BY MAGGIE SALINGER
Republicans are trying to seduce us by promising lower premiums and removal of the individual mandate. No longer will Obamacare encroach on personal freedom and financial stability, they boast. But let’s not be fooled by the ACA alternatives we’ve been seeing from the Hill. These plans are no better for us. In fact, they are worse.
I share this insight as a physician and policy maker in-training. In this role, it is my duty to identify, mitigate, and manage threats to patient health and wellbeing. Sometimes, these threats are obvious – say, a heart attack, pneumonia, or financial hardship imposed by exorbitant medical bills. But at other times, I must rely on my training to detect more subtle health threats, like heart murmurs, hypertension, and “continuous coverage” clauses in healthcare bills.
That last threat may sound unfamiliar, but continuous coverage provisions have shown up in the Republican Party’s most prominent healthcare proposals, including Tom Price’s “Empowering Patients First Act” and Paul Ryan’s “Better Way for Healthcare.” Continuous coverage clauses mislead us into thinking we will be guaranteed insurance at low market rates. But the catch is if there is a lapse in coverage lasting more than two months, then insurance companies can hike up the price of the policy without any stated cap. Furthermore, insurance companies will be allowed to deny coverage for pre-existing conditions during the first 18 months of a new contract, a short-sighted prioritization of premium prices over quality care.
Continuous coverage provisions aim to fulfill the same objective as the ACA’s individual mandate; both policies induce young and healthy people to buy insurance. The participation of these sprightly citizens helps to pay for and offset the large, costly claims of the ill and old, thereby lowering premiums across the whole population.
But there is a striking and dangerous difference between the policy nudges in Obamacare and those in Republican plans. While the ACA’s individual mandate taxes us if we opt out, the continuous coverage clause would punish us at a point when we are trying to opt in.
For any of us, the cost of re-gaining insurance following a temporary lapse could be so high that we would not be able to afford new coverage. For the quarter of us with a pre-existing condition, the 18-month exclusion period would force us to pay full price for care related to that condition. And this added cost would be piled on top of our already hiked-up premiums. For example, patients with Type II Diabetes, a disease that affects 30 million Americans, would have diabetes-related costs of approximately $12,000 during an exclusion period. These patients could join what Republicans are calling “High Risk Pools” for pre-existing conditions, which would provide little more than catastrophic coverage with high deductibles.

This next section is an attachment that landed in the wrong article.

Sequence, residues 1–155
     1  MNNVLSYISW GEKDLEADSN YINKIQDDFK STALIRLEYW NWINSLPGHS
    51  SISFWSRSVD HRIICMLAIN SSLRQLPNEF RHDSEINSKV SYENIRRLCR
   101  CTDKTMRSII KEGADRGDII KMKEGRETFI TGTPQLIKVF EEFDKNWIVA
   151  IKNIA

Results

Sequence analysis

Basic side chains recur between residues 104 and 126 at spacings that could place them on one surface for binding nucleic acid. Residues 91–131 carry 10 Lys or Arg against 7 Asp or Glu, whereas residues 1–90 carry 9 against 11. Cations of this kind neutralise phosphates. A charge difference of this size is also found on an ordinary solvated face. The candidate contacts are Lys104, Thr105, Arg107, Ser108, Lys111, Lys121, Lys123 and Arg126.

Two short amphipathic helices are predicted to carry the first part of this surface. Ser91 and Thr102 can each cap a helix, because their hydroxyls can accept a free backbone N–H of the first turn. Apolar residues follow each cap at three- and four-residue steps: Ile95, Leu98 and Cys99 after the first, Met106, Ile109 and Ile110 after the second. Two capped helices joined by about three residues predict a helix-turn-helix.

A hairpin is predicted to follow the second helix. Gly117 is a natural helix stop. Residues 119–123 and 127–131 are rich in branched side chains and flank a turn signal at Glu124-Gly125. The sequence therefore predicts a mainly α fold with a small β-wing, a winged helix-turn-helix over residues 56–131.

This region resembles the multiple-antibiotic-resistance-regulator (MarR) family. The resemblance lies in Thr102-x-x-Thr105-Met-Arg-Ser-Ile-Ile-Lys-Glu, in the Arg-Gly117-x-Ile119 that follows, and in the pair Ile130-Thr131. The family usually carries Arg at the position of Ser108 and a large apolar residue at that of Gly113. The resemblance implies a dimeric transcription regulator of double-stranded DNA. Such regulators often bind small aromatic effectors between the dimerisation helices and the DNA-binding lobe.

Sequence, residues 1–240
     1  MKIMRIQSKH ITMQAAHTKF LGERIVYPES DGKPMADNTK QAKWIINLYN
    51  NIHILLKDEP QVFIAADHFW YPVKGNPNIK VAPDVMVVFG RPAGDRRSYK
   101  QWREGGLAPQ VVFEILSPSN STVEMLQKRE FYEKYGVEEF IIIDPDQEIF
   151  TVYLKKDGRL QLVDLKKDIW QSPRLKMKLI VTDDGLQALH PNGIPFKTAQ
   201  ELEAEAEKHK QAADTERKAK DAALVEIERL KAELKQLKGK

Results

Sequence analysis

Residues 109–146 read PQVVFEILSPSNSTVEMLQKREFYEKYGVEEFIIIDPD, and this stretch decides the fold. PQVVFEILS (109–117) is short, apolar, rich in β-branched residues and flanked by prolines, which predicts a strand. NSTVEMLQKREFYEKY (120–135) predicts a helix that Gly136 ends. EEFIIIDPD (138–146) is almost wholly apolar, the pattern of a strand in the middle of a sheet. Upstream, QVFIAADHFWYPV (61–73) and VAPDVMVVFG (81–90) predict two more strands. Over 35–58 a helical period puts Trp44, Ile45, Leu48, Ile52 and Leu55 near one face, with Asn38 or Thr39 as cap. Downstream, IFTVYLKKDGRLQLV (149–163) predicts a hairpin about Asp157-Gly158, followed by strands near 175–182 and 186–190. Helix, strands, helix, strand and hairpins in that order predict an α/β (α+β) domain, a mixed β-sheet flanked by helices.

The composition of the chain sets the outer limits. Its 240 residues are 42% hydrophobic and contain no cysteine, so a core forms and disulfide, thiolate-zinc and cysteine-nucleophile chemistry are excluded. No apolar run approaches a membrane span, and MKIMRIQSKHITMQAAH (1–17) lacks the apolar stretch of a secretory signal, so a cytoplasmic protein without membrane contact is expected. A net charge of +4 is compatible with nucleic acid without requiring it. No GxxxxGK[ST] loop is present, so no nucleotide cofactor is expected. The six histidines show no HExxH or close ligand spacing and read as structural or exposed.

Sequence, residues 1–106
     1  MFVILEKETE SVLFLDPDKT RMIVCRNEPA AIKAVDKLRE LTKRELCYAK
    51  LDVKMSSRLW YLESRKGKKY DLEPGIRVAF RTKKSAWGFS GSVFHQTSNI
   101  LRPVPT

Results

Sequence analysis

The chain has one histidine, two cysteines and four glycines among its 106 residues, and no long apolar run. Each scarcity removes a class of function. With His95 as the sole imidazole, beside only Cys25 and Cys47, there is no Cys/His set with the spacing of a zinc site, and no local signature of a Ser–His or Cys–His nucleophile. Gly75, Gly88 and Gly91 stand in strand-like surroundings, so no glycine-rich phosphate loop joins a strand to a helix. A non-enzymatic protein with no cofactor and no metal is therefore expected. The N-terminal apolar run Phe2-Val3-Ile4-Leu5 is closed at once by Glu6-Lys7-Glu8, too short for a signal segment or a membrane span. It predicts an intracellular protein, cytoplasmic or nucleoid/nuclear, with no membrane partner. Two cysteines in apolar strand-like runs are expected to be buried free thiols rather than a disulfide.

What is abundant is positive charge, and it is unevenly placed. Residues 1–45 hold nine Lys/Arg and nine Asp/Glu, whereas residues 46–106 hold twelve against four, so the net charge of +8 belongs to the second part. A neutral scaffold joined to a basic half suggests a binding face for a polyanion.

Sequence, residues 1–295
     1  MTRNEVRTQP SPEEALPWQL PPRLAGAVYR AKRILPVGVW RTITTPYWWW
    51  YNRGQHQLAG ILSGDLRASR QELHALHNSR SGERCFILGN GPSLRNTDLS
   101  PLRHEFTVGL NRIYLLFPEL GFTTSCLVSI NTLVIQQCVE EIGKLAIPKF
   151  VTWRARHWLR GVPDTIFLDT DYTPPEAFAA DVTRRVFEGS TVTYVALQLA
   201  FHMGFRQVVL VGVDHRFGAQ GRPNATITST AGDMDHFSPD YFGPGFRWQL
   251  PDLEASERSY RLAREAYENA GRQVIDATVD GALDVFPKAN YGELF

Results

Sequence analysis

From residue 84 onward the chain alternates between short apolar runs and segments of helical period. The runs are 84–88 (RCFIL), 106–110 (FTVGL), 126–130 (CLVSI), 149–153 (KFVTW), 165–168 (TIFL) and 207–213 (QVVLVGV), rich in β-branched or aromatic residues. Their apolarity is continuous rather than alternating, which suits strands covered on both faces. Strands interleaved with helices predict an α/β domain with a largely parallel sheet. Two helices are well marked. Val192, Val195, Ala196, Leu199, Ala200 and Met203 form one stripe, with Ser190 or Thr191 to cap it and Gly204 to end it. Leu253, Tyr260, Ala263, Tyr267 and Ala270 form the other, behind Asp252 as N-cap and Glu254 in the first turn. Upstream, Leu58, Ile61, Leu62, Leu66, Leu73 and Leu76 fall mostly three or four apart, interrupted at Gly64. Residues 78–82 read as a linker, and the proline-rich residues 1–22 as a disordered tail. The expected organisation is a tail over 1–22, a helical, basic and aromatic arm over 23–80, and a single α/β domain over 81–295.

Even those Americans who are neither sick nor poor at the moment could be adversely affected by Republicans’ continuous coverage nudge. The need for acute or chronic medical care is impossible to predict, and financial health is likewise uncertain. As Sendhil Mullainathan, a Harvard Economist, and Eldar Shafir, a Princeton Cognitive Scientist elucidate in their book, Scarcity, none of us is immune to the sorts of mistakes that cause insurance lapses. Citing studies from a variety of fields, these experts explore how financial and emotional stress leads to difficulty performing tasks, like paying bills and making deadlines. This happens because the more tasks we are responsible for doing, the fewer we are able to do well.
What does this mean for healthcare reform and for Americans’ wellbeing? Changing jobs, moving, launching start-ups, and filing for divorce are all occasions where even the healthy and wealthy might need a new insurance plan but would be limited in their capacity to meet this need. In the face of these major life events, anyone could have limited cognitive bandwidth, making all citizens prone to unintended breaks in coverage.
So far, Republican leaders have narrow-mindedly focused on alternatives that seem better than Obamacare. And, at first glance, their continuous coverage clauses do appear benign. But their proposals won’t shepherd us to safety. They’ll push us off a cliff.
Perhaps the continuous coverage provision would be less dangerous if we were to de-link insurance from employment, as changes in job status are among the most common reasons for breaks in coverage. Unfortunately, Republicans are unlikely to pursue this sort of reform, because, even if premiums were lowered in an absolute sense, patients would feel as though they were higher; costs would come visibly out of our wallets instead of being paid for invisibly by employers. An alternative way to make continuous coverage clauses more humane would be having insurance as our default status in America. This won’t happen either; Republican leaders have consistently opposed universal coverage.
Because the Republicans’ objective appears to be seduction, not protection, it is hard to believe they will take the necessary steps to keep Americans covered. To my medical eye, the replacements we’ve heard about thus far would harm more individuals than anything we’ve experienced in the ACA. If you would like a second opinion, I’d be happy to refer you to another specialist. But most doctors agree: health policies should facilitate insurance coverage, not discourage it.
Maggie Salinger is a student in medicine and health policy at Harvard Kennedy School and Emory Medical School.
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